And while every inch of work has been marred by humanity’s rebellion and God’s righteous curse, we must never forget that it was good first. We must never forget that we were created with work in mind.

 

The Sunday to Monday Gap

The tragic truth is that many followers of Jesus do forget this. So many of us fail to connect our Sunday faith to our Monday work. So many of us are suffering from a dreaded “gap,” not seeing how the rich formation of the church “gathered” could have an indelible impact on the work of the church “scattered.”

And even more tragic, too many churches and pastors perpetuate this problem. Many do so unknowingly, but unintended harm is still harm nonetheless.

Christ Community is committed to writing a different story about work, but the staff can’t do it alone. We need each one of you on this vital journey, which is why one of my favorite worship elements on Sunday mornings is the “This Time Tomorrow” interview.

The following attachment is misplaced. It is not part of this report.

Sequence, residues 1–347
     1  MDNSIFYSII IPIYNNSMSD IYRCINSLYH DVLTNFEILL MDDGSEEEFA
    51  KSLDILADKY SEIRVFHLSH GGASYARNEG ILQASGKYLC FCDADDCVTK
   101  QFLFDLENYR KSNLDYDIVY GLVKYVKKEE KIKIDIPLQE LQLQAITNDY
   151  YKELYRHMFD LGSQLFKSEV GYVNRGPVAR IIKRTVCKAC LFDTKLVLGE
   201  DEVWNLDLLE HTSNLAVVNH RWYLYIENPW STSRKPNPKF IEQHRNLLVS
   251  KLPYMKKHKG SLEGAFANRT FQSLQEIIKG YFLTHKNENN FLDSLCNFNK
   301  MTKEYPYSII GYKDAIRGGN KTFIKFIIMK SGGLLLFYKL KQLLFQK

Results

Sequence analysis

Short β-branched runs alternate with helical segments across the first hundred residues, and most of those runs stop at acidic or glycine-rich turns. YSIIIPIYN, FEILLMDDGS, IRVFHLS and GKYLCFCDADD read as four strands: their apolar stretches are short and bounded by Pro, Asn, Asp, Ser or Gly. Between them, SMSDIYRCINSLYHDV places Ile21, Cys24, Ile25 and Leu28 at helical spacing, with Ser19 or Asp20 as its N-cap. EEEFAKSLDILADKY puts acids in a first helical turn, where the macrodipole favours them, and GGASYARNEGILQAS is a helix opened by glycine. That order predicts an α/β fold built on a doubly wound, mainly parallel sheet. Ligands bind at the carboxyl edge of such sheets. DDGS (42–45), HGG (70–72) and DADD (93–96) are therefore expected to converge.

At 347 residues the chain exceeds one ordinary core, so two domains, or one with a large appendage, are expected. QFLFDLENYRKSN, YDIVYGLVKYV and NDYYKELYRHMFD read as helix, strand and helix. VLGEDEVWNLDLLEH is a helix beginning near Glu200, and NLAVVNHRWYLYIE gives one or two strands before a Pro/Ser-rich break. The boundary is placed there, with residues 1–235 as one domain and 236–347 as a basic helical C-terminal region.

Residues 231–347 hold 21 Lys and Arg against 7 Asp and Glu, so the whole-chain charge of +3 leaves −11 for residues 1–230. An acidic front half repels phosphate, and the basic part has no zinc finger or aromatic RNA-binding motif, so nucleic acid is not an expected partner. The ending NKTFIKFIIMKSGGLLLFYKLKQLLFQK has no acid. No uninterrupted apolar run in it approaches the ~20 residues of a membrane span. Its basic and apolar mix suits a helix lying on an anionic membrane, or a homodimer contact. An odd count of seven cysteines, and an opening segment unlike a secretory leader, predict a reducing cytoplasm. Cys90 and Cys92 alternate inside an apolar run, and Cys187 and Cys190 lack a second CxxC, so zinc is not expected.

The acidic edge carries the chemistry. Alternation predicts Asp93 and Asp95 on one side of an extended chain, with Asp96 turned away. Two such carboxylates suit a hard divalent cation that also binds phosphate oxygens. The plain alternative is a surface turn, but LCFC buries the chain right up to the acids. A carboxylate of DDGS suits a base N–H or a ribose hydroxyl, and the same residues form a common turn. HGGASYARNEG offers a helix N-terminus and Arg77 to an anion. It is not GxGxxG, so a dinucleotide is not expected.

The name of the interview is built on a simple question: What will you be doing this time tomorrow? In other words, what will occupy your time on Monday morning at about 9:15 AM? Or, stated more directly, tell us a bit about what you do for work!

 

Lynett Wheeler at Work

In a world of diverse occupations, some roles stand out not just for the products they create but for their impact on people’s lives. Lynett Wheeler is a co-owner of Color Design, a decal company specializing in vehicle aesthetics. With her son by her side, Lynett dedicates herself to turning ordinary vehicles into works of art. 

Lynett’s daily routine involves much more than meets the eye. As she sets out to customer locations, armed with vinyl pinstripes, custom graphics, and a mission to breathe new life into vehicles, her expertise extends beyond mere aesthetics. 

“I enjoy the challenge of returning a vehicle’s exterior decals and stripes to before-wreck condition. God has given me the ability and physical strength to make things ‘good’ in my sphere of work.”